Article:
Taking part in such detrimental conduct, when he so obviously had everything the college basketball world has to offer -- a fat contract, adoring fans, and talented players pining to come to Knoxville -- is as self-defeating as anything Eddie Sutton ever did at Kentucky. It leaves one only to shake ones head in bewilderment.
Squarely in the Cross-hairs, Part 2
Further complicating matters for those who root for UT basketball (and football for that matter) is the curious behavior of UT AD Mike Hamilton.
Instead of Hamilton taking the stage 10 minutes prior to Pearl at the September 10 presser, and sharing the contents of the NTEA with all the world, Hamilton took the same disingenuous path traveled by Pearl. Hamilton, the head of the Tennessee athletic department, didn't reveal the contents of the NTEA, or that one had even been issued, until a Knoxville television station got a court order for its release late last week.
The "gi-normous" elephant in the room is this: Why would Hamilton choose to NOT make the NTEA and its contents public? I can't fathom it being because he's happy with his coach -- Clearly evident in the NTEA was the fact that Hamilton was very unhappy with Pearl and his actions. In fact, so unhappy that he rightfully terminated Pearl's contract. So, what was Hamilton's motivation for keeping the truth out of the public eye? Particularly, those who cheer for the orange and white; they deserve to know the truth.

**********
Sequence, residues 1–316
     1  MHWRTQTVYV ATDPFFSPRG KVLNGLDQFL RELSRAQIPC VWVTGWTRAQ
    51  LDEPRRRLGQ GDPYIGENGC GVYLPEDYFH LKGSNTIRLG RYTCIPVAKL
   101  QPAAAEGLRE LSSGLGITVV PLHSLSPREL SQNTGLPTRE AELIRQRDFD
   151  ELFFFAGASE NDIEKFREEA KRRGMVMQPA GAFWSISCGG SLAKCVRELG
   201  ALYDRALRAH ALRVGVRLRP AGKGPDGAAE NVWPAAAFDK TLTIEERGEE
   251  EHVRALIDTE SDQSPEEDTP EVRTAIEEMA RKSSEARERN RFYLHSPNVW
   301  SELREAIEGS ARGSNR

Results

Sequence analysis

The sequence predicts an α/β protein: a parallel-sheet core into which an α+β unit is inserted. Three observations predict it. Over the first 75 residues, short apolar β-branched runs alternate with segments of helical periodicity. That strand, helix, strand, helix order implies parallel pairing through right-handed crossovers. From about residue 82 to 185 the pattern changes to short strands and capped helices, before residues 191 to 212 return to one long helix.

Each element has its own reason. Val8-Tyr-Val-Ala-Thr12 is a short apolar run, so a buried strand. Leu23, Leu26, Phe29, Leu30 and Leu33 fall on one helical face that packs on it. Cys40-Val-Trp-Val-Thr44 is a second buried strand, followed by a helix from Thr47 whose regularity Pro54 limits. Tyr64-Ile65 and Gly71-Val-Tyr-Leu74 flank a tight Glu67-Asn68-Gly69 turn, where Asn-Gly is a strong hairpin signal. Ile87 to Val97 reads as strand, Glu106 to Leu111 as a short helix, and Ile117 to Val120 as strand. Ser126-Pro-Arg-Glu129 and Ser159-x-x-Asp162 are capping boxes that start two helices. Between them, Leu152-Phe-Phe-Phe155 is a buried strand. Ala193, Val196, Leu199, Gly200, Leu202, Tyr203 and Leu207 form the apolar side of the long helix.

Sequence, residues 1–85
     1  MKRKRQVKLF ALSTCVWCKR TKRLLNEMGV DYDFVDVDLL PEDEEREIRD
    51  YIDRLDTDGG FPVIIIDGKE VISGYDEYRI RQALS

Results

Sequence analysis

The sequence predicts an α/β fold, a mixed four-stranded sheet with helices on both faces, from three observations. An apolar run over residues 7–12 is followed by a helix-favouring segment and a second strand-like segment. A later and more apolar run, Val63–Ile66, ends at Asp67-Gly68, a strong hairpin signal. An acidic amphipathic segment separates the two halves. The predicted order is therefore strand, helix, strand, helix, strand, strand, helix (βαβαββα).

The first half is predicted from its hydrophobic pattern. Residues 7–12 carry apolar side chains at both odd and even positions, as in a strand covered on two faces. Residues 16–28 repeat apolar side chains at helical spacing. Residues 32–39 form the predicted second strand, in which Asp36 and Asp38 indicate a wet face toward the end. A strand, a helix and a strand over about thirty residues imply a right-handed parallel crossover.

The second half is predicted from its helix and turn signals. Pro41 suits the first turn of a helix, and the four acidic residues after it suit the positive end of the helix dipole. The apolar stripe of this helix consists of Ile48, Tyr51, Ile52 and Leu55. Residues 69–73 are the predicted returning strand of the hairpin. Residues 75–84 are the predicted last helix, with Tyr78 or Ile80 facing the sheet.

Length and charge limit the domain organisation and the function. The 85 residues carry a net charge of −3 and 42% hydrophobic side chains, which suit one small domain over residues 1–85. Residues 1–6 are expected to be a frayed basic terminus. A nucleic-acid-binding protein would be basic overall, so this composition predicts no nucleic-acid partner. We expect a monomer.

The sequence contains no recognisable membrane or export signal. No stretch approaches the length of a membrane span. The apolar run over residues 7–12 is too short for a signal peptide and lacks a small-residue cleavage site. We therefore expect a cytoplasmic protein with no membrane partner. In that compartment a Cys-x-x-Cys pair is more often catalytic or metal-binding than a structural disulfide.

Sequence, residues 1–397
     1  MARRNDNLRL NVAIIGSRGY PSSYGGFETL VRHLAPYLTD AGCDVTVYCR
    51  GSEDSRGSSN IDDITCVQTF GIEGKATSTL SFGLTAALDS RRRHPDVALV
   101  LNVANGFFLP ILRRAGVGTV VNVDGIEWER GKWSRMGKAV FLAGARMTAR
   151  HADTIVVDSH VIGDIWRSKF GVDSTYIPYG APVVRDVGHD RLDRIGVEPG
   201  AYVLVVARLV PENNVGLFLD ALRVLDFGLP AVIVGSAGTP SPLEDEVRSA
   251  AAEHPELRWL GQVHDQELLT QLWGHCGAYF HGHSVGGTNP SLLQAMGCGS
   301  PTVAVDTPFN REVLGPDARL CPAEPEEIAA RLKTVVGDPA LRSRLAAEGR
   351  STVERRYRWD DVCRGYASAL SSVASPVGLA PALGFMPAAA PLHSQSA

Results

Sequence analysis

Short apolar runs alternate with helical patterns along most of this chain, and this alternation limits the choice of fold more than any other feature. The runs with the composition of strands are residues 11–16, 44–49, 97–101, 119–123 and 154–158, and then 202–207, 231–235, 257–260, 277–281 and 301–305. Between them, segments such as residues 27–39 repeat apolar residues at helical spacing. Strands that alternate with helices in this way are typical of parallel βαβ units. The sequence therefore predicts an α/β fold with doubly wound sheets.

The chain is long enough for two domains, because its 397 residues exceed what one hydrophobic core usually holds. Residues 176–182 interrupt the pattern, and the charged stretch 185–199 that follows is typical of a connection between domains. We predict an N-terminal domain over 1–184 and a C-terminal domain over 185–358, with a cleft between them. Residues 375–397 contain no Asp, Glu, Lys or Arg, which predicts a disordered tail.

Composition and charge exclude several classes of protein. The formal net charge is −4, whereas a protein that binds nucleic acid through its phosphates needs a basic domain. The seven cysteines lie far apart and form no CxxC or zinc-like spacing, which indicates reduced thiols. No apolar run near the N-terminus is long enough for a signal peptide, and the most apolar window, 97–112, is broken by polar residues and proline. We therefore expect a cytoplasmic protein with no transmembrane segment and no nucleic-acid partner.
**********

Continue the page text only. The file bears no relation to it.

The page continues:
Perhaps Hamilton was only attempting to buy time, perhaps he thought he would be blamed for hiring Pearl, and that, coupled with the Lane Kiffin disaster, would hasten an end to his tenure. Whatever rationalization Hamilton used in convincing himself to keep the specifics of the matter private, he had to know that eventually the truth would come out.
Hamilton, like Pearl, chose unwisely. Instead of being transparent with his fan base, he instead chose to be perceived as complicit in the public cover-up of Pearl's egregious acts by not being completely forthright with the UT faithful ... until forced to do so. Surely shameless, but not blameless.
The Truth, and Consequences
Everyone I know makes mistakes. Some bigger than others, some more impacting on other people's lives. But, the hard to accept truth is that we are all human, we are all apt to make regretful decisions.
Not everyone, though, is held to the same standard of accountability. Like it or not, that's just the way it is. And when someone who has been blessed with a high salary, and serves a leadership role of utmost importance, and is the recipient of adoration and fame (Pearl is probably the most popular public figure in Tennessee), well, when someone holding such a lofty office makes a mess of things, lies, and asks others to lie, I see no other acceptable resolution but to show that person the door.
I wish no man to be without employment, but Pearl will land on his feet. As for the University of Tennessee, the world is watching.
Thanks for reading and Go 'Cats!